It's a fine old down-at-heel Irish week in the London theatre with the great revival of Martin McDonagh's The Cripple of Inishmaan now followed by a superb, vivid and violent new play by Conor McPherson. The island peasant no-hopers of eighty years ago are ushered out the door by the inner city dead beats of today.
McPherson directs his own production, which is set by the suddenly ubiquitous Soutra Gilmour in a large, shabby Edwardian house near Phoenix Park in Dublin. The house belongs to Maurice (Jim Norton) but this big messy room we are in is the "flat" of his nephew Tommy (Ciarán Hinds), an odd job man with stained T-shirts and lank hair who chews dog biscuits and grooves along with Marvin Gaye.
Tommy is giving shelter to a bloody, beaten-up girl called Aimee (Caoilfhionn Dunne) and fending off the demands for petty cash from his "freelance associate" with a borderline disability – ie, slow-witted sidekick – Doc (Michael McElhatton).
McPherson positively roisters in the language of this situation, ratchets up the tension; I've rarely seen such a brilliantly fused improvisation on Harold Pinter and David Mamet at once. Doc won't be fobbed off with cigars or banana sandwiches for payment; the riff Tommy gets out of his stale cigar dealing is a good example of how McPherson can spin rhythmic linguistic comedy all night long.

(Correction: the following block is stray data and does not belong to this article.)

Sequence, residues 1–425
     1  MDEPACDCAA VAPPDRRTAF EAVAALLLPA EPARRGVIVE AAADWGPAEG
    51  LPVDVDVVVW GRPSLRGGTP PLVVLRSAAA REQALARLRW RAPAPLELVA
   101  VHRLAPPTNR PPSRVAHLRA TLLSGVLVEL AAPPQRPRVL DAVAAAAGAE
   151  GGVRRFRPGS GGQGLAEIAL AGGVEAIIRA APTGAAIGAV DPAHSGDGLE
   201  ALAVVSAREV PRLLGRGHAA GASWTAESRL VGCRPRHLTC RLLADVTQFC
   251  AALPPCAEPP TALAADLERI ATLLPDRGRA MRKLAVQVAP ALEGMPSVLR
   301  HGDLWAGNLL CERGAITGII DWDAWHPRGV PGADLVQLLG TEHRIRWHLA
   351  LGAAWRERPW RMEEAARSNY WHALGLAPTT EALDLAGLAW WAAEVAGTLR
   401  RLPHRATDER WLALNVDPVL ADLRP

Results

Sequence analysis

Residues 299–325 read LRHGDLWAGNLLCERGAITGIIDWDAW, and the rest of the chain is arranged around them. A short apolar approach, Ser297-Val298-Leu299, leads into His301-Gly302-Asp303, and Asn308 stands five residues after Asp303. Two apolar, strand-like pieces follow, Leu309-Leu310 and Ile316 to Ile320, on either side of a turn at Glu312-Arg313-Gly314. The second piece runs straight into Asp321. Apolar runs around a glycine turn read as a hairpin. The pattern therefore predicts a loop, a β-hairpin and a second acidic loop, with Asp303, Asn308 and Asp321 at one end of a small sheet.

And there's one gorgeous moment when the three of them – Tommy, Doc and Aimee – are briefly transfigured in a weirdly co-ordinated dance routine, as if the secret of getting along together is not in fact talking at all after all.
Tommy is separated from his wife and daughters and drawn towards the waif-like, washed-up refugee, who may be a prostitute; meanwhile, her boyfriend, Kenneth (Brian Gleeson), is hunting her down in his vomit-stained burgundy suit and first surprises Doc with a vampiric attack ending in a vicious hammer blow and punch-up inside the toilet.
Hinds, who recently played opposite Scarlett Johannson in Cat on a Hot Tin Roof on Broadway, has been away from our stage for so long that this seems like a fresh start for him, and it's certainly a new kind of role. The leather-clad Achilles at the RSC has become a seedy old middle-aged has-been of the downtown pound stores and chippies.
But as always with McPherson, there's a glow and a poetry about these derelicts, the younger ones supervised in the critical, nostalgic bollox of Norton's bass-voiced Maurice, who has one magnificent drunk scene followed by a stately entrance in barathea blazer and club tie. Pinter himself might have played this role one day.
Absurdity and sorrow mark these people of the dregs; and in Caoilfhionn Dunne, shining like a pale star in a hag black sky, I reckon we've seen the best new actress of the year, and certainly the one most difficult to second guess, let alone spell.